The Covid-19 crisis may have drawn US $ 220 billion (£ 156 billion) of global dividends out of investor pockets. However, a pick-up in the fourth quarter means the outlook is not as bad as feared and there should be a rebound this year.
The most recent report from the Janus Henderson Global Dividend Index shows that global income payments fell 12.2% to $ 1.26 billion over the past year as one in eight companies canceled dividends and one in five companies cut them when companies tried to Saving cash to prop up their balance sheets.
There were dividend cuts of $ 220 billion between April and December Autumn was shorter than expected as shareholders still enjoyed payments of $ 965 billion.
Janus Henderson had forecast a best-case scenario for dividends of $ 1.21 billion this year, but a better-than-expected final quarter boosted payments and ensured the decline in 2020 was less than it was after Financial crisis.
Payments for the final quarter were backed by Russian bank Sberbank and German automaker Volkswagen, which restored the suspended dividends, while French optics giant Essilor rolled back the shares at a reduced price.
North American dividends continued to drive the payouts last year, climbing 2.6% to a new record of $ 503.1 billion as companies paid out a burst of special dividends.
“North America has done so well largely because companies have been able to save cash and protect their dividends by instead suspending or reducing share buybacks, and because regulators have been more lenient with banks,” it said the report.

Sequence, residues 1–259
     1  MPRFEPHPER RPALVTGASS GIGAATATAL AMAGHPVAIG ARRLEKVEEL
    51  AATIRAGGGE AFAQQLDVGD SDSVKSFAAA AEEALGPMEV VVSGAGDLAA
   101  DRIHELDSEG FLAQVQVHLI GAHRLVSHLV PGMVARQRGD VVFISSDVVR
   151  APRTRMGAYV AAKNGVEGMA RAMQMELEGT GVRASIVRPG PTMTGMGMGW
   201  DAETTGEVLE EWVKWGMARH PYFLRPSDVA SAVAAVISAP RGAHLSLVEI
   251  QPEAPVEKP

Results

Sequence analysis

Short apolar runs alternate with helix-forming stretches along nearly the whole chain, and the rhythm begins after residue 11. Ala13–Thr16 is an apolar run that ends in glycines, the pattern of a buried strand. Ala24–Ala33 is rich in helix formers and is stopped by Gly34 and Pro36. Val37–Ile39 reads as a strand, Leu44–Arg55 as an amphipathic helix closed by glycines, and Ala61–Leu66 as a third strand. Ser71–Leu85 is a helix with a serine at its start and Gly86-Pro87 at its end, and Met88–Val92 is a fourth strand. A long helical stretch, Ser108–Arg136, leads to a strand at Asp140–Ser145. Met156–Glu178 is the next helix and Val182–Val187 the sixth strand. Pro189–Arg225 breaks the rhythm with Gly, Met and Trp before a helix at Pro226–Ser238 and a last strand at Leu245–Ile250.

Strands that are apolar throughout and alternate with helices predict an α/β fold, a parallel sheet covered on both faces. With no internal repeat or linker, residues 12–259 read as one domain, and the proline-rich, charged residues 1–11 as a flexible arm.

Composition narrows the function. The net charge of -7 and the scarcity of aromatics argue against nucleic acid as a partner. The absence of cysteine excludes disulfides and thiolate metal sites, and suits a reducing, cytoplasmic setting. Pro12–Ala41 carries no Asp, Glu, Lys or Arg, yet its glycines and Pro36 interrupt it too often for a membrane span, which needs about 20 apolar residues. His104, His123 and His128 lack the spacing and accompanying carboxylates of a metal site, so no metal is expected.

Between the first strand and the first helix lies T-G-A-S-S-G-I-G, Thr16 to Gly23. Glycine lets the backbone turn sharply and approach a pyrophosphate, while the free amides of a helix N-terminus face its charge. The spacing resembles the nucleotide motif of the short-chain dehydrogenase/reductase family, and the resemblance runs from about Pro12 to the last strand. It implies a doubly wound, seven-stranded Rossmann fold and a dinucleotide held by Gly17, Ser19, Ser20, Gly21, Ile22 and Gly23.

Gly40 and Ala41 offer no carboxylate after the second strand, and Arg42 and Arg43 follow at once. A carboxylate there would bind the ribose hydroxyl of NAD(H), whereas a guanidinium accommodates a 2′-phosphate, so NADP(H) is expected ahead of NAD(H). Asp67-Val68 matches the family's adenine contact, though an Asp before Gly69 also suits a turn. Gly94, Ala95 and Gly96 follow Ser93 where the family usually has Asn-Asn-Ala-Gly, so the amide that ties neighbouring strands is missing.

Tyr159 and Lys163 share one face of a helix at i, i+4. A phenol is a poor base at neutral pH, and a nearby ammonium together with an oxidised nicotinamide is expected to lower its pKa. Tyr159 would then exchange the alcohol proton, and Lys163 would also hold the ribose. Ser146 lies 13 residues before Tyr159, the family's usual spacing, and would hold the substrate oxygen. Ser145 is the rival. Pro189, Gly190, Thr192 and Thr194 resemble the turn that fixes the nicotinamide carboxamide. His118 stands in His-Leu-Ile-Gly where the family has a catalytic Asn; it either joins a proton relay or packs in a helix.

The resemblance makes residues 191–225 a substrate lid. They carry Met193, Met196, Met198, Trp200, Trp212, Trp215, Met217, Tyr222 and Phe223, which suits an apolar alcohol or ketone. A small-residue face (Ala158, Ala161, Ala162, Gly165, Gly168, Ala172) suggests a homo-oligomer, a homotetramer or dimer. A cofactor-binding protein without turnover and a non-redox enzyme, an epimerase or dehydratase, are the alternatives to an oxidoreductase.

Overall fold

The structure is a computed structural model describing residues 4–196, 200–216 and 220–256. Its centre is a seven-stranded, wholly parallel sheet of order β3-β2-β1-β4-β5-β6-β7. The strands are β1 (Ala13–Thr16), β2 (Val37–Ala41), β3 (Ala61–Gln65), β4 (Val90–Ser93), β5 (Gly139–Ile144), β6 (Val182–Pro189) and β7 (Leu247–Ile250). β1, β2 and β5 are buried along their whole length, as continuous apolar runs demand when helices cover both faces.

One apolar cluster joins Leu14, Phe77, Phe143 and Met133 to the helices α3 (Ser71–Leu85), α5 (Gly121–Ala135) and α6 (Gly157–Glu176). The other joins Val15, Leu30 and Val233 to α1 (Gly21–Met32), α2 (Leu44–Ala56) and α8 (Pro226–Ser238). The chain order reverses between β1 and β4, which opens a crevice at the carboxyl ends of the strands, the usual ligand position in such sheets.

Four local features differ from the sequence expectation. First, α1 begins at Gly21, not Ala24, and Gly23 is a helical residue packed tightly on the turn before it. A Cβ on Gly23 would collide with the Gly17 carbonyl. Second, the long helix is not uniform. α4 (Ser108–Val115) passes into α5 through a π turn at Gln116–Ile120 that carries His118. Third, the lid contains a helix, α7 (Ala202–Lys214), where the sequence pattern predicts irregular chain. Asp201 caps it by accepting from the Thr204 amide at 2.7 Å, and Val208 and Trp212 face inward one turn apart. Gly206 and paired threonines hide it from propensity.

The cut in withdrawals from UK and European banks means It was in these regions that the dividend cuts were most severe. Together, they accounted for more than half of the total global dividend reduction, and distributions from these regions have fallen below the level of the 2009 financial crisis.
Banks around the world suffered from a tough 2020 when regulators and governments forced them to stop payments in order to have enough cash to weather the increased loan defaults. Banks have cut payments by $ 70 billion, one-third of the world’s dividend depreciation, more than three times as much as oil producers, who were the second hardest hit sector.
Companies sensitive to that Consumer Spending Restrictions When the world was trying to keep the pandemic under control, it was most likely to make cuts.
Dividends paid by retailers, auto companies, and leisure companies on consumer staples decreased 37% year over year between April and December, with 80% of leisure companies down.
Classic defensive stocks like grocery stores, pharmaceuticals, tobacco and personal care products were “barely affected”, although beverage makers were an “interesting exception” as dividends fell 15%.
“Usually, beverage manufacturers withstand economic downturns very well,” the report said.
“But during the pandemic, eateries around the world were either closed or severely restricted, so the critical on-trade business that delivers so much volume to beverage manufacturers at superior margins has dramatically declined.”
Although meant continued bans a stilted start to the year 2021Janus Henderson expects dividends to rise 5% this year to $ 1.32 billion. Dividends are expected to decrease further in the first quarter.
That optimism is fueled by the introduction of the vaccine and the resumption of bank dividends in many countries, although levels will remain limited.
Jane Shoemake, investment director for global equity income at Janus Henderson, said the dividend impact of the pandemic was “in line with a conventional, albeit severe, recession.”
She said that in the UK, Europe and Australia, dividends were more affected as many companies “arguably overdistributed” before the crisis.
Top payers of 2020
|2||AT & T.|
|5||JPMorgan Chase & Co.|
|6th||China Construction Bank|
|7th||Johnson & Johnson|
|10||Taiwan semiconductor manufacturing|
|Subtotal||$ 120.5 billion|
|% of the total||9.6%|
|11||China mobile device|
|16||Procter & Gamble|
|18th||Royal Dutch Shell (RDSA)|
|19th||Philip Morris International|
|Subtotal||$ 78.4 billion|
|Total||$ 198.9 billion|
|% of the total||15.8%|
Covid-19 wipes out $ 220 billion in Divis, but 2021 looks on